TDS warns customers: Facebook Messenger used to steal money and identity
The social media messaging network provides easy access for scammers.
Facebook Inc.’s mission is to give users “the power to build community and bring the world closer together.” Unfortunately, this includes bringing scammers closer to their targets: Facebook users.
Within the last few months, con artists have been using Facebook Messenger, the messaging application within the social media network, as a means of promoting “phony grants,” according to the Better Business Bureau (BBB) Scam Tracker.
The scam begins with a congratulatory message from another user, often a Facebook friend, offering a sum of money, according to the BBB. The message requires a down payment of some sort, or personal information, such as a social security number, in order to receive the money.
Scammers often create a trustworthy profile to achieve their goals, such as one similar to that of a relative or a close friend, or even hacking into accounts, according to the BBB.
Some scams include fake celebrity accounts that are created in order to trick people. For example, fake “Mark Zuckerberg” Facebook pages have been created to obtain money, according to the New York Times. In one case in particular, a user sent $200 in iTunes gift cards to obtain the prize — an investment that eventually led to a loss of $1,000 and many months of time.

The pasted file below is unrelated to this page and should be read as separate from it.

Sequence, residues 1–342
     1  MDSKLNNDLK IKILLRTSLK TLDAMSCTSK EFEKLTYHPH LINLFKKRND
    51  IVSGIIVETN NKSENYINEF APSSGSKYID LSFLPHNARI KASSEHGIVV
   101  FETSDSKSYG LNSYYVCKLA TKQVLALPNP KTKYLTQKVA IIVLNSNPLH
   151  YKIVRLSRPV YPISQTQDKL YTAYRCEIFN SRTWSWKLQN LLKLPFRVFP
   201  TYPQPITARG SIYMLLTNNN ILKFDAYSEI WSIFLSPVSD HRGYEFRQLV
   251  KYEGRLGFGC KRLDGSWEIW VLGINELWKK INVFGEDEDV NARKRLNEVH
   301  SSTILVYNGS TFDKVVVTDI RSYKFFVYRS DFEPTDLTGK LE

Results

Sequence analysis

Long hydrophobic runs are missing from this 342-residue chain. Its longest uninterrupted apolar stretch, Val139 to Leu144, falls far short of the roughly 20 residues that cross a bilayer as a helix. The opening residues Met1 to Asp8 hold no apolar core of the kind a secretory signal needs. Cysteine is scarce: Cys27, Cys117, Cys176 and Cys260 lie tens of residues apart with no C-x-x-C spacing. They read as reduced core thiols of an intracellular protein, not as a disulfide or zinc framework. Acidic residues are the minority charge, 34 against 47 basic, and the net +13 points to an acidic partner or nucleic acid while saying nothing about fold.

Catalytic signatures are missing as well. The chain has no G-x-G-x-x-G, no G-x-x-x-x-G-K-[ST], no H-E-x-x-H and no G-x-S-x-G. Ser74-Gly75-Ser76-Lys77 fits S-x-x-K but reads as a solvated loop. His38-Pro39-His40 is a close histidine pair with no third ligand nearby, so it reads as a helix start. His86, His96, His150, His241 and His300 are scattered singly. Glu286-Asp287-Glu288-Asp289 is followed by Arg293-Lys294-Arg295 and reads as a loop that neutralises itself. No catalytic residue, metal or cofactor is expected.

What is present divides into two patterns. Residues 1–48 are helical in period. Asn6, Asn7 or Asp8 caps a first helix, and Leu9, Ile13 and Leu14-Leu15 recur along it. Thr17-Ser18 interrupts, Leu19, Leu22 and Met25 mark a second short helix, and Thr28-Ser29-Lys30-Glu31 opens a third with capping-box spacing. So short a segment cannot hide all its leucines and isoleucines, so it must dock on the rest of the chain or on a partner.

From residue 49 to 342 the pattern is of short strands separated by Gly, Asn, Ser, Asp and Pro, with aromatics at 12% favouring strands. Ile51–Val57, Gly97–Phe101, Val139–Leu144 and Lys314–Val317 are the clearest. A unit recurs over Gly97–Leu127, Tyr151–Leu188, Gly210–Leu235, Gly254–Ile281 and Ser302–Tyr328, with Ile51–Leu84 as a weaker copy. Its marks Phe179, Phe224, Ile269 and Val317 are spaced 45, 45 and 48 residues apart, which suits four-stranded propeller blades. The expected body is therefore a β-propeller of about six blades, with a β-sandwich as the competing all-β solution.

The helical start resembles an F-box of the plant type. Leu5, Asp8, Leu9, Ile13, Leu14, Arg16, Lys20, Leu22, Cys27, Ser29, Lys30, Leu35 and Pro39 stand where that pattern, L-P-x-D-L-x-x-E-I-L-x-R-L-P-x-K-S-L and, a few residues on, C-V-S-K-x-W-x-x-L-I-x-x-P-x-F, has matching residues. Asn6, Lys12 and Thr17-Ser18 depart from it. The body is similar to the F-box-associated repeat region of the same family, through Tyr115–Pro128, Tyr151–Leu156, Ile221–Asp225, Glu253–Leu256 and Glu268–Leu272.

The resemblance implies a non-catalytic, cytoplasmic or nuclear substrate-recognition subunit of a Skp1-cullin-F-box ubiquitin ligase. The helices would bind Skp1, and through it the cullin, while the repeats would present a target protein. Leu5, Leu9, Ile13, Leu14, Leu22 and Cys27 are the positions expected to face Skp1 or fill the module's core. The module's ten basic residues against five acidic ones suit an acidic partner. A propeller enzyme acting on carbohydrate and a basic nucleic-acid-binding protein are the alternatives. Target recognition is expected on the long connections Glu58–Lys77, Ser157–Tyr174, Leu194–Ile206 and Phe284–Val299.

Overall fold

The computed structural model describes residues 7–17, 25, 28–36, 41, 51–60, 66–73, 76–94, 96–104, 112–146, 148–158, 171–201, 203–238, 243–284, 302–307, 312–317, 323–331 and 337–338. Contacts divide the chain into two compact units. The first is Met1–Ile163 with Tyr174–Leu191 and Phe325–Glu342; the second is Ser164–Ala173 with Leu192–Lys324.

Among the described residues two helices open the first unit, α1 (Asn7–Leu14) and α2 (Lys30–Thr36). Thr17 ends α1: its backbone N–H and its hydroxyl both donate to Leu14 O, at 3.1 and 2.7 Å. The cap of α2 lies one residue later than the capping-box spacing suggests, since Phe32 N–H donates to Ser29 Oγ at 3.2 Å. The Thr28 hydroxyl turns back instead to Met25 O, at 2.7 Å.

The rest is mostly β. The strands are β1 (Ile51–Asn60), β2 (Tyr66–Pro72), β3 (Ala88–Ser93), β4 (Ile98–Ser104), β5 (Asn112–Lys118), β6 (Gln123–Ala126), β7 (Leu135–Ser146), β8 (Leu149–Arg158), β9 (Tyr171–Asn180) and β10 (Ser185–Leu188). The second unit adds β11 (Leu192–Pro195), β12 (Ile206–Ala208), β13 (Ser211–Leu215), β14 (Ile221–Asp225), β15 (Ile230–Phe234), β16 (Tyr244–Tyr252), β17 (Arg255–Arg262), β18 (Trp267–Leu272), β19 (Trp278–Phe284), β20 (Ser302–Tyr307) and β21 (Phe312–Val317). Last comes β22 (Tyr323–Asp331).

To help consumers avoid being caught in these scams, local internet service provider TDS Telecommunications offers tips for Facebook users protect their social media account (plus their time and bank account) from harm. Some tips include:
- Create strong passwords. Craft complex, yet memorable and separate passwords for all your accounts. Mix letters, numbers, special characters, and spaces for greater protection.
- Be skeptical of friend requests. Only accept requests from users you know, and only after you closely scrutinize their profiles. Be wary of accepting second requests from people you are already connected with on the social platform.
- Be safe when posting publically. Log out of social media sites when using a public or shared computer or device.
- Be careful with downloads. Only download trusted and necessary software on your computer or device.
Most notably, though, being a skeptical social media consumer means protecting your data online as one would offline.